With systematic contamination of the environment and their water supplies, intimidation of their communities, and an insufficient response by the State, the experts lamented that people of African descent are also suffering “environmental racism”.
In conclusion, they said that “the State should not remain indifferent to human rights abuses and violations by extractive industries and other companies”, but instead “end impunity for human rights violations and environmental racism.”
For his part, Ricardo Sunga, one of the human rights experts, praised the progressive provisions of the country’s Constitution that recognized the collective rights of people of African descent.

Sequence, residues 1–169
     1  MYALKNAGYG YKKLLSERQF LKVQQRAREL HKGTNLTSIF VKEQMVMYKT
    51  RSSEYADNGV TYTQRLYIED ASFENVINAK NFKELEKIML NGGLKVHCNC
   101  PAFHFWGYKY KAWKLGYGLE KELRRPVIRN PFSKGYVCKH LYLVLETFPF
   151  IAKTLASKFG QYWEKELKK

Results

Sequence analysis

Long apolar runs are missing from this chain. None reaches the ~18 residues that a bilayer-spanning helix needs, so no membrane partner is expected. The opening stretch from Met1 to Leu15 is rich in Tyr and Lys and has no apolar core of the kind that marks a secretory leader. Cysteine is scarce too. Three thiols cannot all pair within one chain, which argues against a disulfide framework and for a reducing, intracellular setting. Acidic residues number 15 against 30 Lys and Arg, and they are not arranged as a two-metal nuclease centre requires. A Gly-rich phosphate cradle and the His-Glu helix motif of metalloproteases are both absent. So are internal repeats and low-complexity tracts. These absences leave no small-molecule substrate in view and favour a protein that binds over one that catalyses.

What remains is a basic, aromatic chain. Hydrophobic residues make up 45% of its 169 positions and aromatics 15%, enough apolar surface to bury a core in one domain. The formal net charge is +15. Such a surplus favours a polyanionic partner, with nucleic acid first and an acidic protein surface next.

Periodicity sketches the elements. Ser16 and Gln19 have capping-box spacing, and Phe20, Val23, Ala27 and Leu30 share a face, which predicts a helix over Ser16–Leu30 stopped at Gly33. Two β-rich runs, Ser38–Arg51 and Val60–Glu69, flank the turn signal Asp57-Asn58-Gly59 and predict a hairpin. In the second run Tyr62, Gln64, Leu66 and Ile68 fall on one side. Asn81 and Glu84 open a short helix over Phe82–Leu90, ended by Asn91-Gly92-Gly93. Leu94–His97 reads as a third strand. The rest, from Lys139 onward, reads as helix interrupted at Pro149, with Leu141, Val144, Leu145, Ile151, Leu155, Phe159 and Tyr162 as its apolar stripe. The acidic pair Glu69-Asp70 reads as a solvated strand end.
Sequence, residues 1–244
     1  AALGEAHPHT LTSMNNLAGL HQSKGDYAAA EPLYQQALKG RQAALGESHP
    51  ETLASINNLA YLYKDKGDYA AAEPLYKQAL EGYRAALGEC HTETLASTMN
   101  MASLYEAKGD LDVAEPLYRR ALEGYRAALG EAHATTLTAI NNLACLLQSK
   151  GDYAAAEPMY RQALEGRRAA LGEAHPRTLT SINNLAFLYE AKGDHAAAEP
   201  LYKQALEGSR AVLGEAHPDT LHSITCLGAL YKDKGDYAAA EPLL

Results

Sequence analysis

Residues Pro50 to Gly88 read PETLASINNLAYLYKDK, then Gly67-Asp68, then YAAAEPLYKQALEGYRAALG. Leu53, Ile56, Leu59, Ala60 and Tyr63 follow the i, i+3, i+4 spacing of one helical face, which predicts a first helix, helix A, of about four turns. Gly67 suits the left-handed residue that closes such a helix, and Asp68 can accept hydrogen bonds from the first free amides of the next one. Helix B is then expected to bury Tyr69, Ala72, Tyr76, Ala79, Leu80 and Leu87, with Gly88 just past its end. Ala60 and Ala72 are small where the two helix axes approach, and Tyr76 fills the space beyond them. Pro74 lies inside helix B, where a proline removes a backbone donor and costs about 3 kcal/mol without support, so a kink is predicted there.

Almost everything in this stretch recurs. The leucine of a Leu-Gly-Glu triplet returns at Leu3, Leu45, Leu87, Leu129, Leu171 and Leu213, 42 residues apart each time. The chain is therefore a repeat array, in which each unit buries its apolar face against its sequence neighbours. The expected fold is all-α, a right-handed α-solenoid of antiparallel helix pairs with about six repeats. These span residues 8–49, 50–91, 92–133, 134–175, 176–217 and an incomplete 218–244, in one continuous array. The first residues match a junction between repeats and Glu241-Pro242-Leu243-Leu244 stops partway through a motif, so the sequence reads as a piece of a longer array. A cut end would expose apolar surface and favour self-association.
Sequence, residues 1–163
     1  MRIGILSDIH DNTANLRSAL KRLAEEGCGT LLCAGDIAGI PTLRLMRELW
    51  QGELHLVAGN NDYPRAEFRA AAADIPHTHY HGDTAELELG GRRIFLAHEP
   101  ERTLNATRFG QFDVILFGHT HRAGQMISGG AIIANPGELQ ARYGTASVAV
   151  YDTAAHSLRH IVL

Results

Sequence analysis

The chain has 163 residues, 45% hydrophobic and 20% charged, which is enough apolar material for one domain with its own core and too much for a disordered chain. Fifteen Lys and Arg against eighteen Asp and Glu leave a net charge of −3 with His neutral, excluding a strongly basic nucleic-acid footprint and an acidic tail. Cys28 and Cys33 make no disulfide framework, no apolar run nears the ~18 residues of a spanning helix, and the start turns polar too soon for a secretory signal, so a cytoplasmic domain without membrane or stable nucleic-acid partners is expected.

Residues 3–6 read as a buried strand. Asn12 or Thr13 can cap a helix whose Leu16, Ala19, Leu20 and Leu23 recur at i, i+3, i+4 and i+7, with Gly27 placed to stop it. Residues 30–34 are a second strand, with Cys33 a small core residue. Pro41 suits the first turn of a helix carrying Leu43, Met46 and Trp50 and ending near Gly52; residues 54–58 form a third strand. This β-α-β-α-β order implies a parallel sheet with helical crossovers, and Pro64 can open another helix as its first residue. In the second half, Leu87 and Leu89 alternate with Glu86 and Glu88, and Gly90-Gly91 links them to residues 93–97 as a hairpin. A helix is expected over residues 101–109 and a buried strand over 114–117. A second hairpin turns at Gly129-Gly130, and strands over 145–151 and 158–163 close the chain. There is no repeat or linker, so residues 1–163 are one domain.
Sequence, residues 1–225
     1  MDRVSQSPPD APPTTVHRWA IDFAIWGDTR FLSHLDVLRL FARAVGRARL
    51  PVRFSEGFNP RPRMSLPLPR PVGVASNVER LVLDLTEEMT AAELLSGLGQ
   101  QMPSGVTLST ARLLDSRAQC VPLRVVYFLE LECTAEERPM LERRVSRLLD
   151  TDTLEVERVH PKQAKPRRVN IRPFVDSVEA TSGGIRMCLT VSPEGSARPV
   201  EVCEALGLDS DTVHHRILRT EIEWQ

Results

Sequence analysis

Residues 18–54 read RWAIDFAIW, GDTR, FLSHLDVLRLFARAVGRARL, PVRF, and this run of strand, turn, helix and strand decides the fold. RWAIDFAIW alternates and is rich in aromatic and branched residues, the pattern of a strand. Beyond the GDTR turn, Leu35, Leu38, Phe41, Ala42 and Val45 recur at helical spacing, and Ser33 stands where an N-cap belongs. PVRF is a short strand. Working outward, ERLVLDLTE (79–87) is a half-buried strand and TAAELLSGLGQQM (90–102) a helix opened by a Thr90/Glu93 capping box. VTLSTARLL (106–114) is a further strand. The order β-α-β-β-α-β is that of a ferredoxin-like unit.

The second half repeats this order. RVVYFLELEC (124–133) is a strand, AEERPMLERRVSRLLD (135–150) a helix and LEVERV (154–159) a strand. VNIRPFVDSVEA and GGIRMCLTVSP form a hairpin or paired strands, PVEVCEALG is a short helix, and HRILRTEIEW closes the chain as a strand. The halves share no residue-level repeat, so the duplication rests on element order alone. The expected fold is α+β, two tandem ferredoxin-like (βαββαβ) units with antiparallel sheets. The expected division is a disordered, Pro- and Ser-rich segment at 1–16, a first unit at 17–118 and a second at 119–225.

Independent experts are appointed by the Geneva-based UN Human Rights Council to examine and report back on a specific human rights theme or a country situation. The positions are honorary and the experts are not UN staff, nor are they paid for their work.
The full report and recommendations of their 16 to 20 December visit will be presented to the UN Human Rights Council in September.
World must not accept slavery in 21st century
Commemorating the International Day for the Abolition of Slavery, the United Nations Secretary-General highlighted the impact of the contemporary forms of slavery, underscoring that such abhorrent practices have no space in the twenty-first century.